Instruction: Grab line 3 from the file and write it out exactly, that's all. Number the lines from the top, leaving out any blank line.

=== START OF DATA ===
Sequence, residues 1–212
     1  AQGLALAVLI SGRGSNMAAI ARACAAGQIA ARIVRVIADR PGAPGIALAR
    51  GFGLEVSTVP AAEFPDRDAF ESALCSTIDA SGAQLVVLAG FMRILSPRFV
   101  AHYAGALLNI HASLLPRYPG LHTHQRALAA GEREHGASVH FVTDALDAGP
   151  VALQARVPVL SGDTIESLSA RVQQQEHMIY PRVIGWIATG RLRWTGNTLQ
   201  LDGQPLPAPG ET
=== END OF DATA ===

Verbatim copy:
    51  GFGLEVSTVP AAEFPDRDAF ESALCSTIDA SGAQLVVLAG FMRILSPRFV